LONDON — Since the end of World War II, Western Europe has usually sided with the United States in global conflicts. Except for a few national exceptions, such as France’s criticism of the Vietnam War, trans-Atlantic solidarity has been the order of the day from the Cuban missile crisis through the Persian Gulf War.

Now, the prospect of a war with Iraq has — with the exception of Britain — fractured the foundation of mutual understanding on which the post-1945 system operated. With polls showing deep opposition to war, France is insisting that Washington give weapons inspectors more time and not act before getting a new U.N. resolution backing war, while Germany opposes any war at all.

It is possible, of course, that everything will be smoothed out in the end; that Washington will wait for a U.N. resolution that will satisfy Paris and that Berlin will keep quiet while London uses its influence to ensure that diplomatic channels are fully used before an offensive is launched.

But it is also possible that the war of words represents a turning point in relations between the leadership in the U.S. and the governments of some, if not all, of the country’s allies for the last half-century.

There is no doubt about the popular feeling. The proportion of Europeans who oppose war in the latest opinion polls is higher than that of Americans who support action with U.N. approval. In Britain, the support that Prime Minister Tony Blair has given to U.S. President George W. Bush risks splitting his Labour Party. In France, President Jacques Chirac has to reckon with the reaction of his country’s 5 million Muslim immigrants to war. Opposition to war proved a major vote-winner in securing German Chancellor Gerhard Schroeder’s re-election last autumn, and he is using it again as he tries to prevent defeat for his Social Democratic Party in two key regional elections next month.

But, beyond the immediate argument over how to deal with Iraqi President Saddam Hussein, a deepening cultural difference is becoming increasingly apparent between the U.S. and EU. This was dramatically reflected when U.S. Secretary of Defense Donald Rumsfeld dismissed France and Germany as representing “old Europe”; France’s finance minister immediately said he felt “deeply insulted” and the general secretary of the Germany’s Social Democrats charged that Rumsfeld does not understand Europe.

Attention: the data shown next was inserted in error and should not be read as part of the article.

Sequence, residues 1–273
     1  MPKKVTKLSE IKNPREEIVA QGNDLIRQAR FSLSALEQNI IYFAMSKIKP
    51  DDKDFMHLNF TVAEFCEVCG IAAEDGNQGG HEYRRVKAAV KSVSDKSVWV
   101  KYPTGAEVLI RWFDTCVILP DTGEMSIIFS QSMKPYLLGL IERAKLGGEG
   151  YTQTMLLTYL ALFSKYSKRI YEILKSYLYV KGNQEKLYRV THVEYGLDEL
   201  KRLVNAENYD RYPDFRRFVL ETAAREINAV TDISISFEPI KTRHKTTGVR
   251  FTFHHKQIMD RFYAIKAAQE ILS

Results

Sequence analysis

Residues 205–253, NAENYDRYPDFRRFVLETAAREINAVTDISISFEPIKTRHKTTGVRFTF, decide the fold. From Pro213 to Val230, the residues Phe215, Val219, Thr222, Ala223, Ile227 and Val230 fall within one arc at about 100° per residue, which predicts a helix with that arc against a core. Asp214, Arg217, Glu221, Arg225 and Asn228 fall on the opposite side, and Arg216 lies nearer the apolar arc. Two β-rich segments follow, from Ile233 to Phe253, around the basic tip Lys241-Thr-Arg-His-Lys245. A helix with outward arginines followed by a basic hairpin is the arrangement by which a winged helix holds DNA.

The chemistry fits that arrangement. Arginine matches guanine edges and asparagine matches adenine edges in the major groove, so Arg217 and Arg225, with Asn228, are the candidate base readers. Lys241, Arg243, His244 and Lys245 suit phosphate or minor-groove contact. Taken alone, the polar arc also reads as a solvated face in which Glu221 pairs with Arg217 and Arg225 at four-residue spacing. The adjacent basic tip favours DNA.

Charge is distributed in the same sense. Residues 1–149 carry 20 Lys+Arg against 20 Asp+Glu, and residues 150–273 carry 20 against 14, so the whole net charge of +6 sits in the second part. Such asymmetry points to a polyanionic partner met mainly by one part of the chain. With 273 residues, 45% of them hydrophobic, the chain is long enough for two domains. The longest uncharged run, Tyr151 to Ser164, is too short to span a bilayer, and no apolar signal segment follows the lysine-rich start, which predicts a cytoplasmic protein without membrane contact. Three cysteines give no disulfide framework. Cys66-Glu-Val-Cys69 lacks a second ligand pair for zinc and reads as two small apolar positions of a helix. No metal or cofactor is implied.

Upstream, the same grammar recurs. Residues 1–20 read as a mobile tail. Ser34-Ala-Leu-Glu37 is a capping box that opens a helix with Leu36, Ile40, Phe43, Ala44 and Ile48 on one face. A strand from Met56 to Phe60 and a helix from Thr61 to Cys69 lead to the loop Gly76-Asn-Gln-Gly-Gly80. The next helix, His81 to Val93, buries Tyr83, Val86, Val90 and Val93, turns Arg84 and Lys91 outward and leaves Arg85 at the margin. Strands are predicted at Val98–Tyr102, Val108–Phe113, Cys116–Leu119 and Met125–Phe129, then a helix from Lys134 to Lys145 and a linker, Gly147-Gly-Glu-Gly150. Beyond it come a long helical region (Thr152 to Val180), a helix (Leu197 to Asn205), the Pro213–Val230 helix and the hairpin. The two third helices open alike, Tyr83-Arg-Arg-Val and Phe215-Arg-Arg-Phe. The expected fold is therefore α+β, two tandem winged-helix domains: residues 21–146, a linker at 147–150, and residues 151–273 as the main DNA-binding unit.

Hawks in Washington make no bones about their impatience with what they see as European attempts to put limits on America’s use of military power, contrasting the attitude of France and Germany with that of Britain, which sent troops to the Persian Gulf before the weapons inspectors made their report. For the hawks, it is all unhelpful posturing by European governments trying to punch above their weight in a world where only one country calls the shots. When the cards are down, there is nothing Berlin or Paris or any of the smaller European countries that want to avoid war can do to stop Washington. If the Bush administration decides to act unilaterally, there is no way it is going to be halted, except by failure in the field.

The contrast between an America that can act when it wishes and a Europe that can only talk is one element in the unraveling of the trans-Atlantic relationship — and it is no accident that the country that has maintained the traditional links, Britain, is the one that has always had the most ambivalent attitude toward merging with the European system. But it also echoes the wide gap in the way hardliners in the Bush administration sees the world and the more pragmatic approach adopted in Europe.